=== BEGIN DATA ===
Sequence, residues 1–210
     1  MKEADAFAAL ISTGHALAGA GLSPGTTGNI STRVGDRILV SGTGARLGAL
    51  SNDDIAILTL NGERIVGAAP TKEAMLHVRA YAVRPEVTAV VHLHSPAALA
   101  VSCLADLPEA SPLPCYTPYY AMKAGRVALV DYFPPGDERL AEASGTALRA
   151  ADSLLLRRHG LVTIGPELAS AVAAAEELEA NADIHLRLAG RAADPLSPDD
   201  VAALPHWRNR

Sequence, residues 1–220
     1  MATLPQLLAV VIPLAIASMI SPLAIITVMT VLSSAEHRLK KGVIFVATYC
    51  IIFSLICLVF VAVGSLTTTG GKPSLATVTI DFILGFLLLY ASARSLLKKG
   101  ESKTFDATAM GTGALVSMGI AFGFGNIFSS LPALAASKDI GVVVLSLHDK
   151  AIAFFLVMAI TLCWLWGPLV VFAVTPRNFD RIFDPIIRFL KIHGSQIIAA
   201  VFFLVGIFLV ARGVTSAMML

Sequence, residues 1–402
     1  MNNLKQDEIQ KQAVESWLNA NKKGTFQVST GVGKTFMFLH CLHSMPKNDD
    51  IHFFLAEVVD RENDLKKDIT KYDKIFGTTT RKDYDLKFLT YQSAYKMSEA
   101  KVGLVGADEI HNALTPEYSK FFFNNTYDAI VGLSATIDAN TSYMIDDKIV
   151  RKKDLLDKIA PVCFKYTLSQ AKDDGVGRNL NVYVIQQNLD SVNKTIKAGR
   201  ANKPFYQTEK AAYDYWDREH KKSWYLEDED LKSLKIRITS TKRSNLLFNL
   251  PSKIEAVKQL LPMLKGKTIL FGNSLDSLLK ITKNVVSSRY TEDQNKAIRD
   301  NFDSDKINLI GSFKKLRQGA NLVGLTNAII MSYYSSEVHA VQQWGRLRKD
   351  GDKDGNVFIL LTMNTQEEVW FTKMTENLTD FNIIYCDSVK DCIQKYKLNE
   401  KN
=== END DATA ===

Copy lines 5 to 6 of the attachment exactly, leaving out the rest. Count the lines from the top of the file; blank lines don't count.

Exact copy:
   151  ADSLLLRRHG LVTIGPELAS AVAAAEELEA NADIHLRLAG RAADPLSPDD
   201  VAALPHWRNR